The internet has flourished not despite a lack of regulation but because of it. Innovators were not required to approach the crown on bended knee in order to be granted permission to innovate. To get a glimpse of government oversight of a rapidly innovating industry look no further than the FDA. A massive backlog of drug applications (innovations) at the FDA creates an unending queue of useful products languishing in limbo while development costs skyrocket during the endless wait. Innovation in a state run economy moves at the speed of a single elderly Wal-Mart greeter. Such a drip-wise pace might seem adequate, that is until you have experienced the waterfall of innovation that is produced in the unfettered and unregulated free market economy (e.g. the internet).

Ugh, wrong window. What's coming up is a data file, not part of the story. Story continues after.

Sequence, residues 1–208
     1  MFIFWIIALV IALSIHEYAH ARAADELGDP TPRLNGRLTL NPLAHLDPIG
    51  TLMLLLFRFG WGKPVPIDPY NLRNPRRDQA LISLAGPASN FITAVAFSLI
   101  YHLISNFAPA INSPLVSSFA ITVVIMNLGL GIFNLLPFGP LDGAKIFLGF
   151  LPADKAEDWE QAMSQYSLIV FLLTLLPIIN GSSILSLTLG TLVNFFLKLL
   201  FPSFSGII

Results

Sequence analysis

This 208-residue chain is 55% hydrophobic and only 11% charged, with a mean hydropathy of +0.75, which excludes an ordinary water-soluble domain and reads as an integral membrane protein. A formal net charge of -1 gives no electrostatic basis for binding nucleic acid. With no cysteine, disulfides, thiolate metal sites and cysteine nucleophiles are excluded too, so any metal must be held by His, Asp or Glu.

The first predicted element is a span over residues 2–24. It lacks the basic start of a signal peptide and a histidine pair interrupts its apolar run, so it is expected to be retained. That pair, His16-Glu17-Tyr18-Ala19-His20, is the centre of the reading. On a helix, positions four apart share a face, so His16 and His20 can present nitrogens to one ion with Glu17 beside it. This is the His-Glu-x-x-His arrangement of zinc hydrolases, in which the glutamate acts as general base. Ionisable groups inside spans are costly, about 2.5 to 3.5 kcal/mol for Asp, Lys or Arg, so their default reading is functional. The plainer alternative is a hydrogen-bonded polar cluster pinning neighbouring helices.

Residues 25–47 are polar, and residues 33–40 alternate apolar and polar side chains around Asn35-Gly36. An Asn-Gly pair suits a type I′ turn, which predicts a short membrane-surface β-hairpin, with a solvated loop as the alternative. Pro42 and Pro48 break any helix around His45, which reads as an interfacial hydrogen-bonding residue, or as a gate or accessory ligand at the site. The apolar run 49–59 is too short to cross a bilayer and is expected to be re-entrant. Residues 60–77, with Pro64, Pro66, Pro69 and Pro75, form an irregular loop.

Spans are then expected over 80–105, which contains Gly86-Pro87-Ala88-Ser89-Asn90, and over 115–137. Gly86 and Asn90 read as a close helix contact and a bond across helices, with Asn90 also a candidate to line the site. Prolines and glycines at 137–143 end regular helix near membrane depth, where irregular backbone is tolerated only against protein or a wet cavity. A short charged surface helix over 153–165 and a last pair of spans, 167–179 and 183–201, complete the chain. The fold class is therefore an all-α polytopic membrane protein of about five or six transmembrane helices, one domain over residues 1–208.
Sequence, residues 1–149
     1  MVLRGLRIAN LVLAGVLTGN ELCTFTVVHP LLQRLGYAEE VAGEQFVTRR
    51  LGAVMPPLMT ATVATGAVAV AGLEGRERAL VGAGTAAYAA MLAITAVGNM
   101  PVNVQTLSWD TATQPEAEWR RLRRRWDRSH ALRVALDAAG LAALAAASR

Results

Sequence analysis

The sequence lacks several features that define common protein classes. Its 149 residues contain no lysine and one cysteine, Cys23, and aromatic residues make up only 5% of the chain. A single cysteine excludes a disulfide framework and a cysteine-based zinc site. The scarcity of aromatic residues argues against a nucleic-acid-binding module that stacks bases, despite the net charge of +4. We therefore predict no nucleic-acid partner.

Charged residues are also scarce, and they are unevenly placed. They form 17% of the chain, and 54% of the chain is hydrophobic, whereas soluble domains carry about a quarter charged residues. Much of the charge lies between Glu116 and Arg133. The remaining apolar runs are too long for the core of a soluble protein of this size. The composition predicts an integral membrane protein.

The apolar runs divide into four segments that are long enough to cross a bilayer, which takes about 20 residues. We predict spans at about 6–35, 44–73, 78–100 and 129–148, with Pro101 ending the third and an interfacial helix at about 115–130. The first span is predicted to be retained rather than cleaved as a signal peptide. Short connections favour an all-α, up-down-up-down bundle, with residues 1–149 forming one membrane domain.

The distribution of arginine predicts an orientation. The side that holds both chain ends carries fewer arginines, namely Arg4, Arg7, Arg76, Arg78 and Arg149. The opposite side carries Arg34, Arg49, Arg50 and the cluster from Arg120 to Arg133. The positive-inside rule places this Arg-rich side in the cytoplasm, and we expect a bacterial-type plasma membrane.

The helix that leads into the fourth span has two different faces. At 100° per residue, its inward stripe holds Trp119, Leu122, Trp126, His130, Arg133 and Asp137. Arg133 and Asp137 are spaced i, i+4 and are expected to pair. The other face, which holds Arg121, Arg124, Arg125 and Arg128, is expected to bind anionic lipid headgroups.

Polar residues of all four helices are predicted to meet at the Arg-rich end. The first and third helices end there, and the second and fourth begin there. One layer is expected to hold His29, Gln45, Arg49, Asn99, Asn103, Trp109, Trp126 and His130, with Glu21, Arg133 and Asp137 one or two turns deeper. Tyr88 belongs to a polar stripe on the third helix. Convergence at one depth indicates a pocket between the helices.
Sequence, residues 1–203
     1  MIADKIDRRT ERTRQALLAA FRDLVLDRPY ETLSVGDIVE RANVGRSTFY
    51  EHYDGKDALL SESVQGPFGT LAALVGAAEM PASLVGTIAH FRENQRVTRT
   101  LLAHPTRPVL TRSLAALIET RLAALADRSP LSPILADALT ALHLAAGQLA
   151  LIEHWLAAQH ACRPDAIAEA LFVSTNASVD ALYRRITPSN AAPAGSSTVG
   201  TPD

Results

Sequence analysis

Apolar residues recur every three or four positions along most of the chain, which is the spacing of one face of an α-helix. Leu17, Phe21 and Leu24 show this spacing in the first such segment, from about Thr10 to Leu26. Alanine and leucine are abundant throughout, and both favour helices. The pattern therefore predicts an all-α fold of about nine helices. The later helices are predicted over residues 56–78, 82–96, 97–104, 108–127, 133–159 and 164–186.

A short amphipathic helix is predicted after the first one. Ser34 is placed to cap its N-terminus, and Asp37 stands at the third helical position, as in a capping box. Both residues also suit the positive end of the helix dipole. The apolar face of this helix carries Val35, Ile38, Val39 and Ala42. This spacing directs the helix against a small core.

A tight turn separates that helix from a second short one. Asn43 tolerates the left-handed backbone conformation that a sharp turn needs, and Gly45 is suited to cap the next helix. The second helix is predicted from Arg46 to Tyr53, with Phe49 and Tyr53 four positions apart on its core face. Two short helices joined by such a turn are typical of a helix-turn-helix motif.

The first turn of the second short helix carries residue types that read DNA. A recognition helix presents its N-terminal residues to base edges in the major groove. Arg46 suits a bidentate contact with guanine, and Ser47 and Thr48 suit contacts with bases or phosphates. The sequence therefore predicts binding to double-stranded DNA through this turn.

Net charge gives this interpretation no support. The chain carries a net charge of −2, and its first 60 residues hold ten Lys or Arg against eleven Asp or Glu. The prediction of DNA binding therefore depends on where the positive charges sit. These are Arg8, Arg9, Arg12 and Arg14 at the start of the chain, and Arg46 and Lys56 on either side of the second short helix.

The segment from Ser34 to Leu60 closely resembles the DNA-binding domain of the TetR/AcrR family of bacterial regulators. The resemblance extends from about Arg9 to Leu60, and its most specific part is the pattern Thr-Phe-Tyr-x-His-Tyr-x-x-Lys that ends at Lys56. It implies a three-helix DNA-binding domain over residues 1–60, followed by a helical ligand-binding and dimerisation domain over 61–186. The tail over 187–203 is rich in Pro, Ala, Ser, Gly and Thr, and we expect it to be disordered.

The proponents of net neutrality are oddly conservative in their tactics. For conservatives change is bad. It’s bad because it instills FUD (fear, uncertainty, doubt) in their heart. Those pushing the net neutrality agenda also play that fear card. They would have us believe our favorite websites will be slowed or blocked altogether if we don’t pay an endless litany of new fees. They see an á la carte internet (paying only for services you need) as tantamount to Sophie’s Choice. Please. Given the level of public outrage over even the thought of these ideas no ISP would be foolish enough to try such a thing. They would immediately lose their customers to ISP’s that did not engage in the hated practice.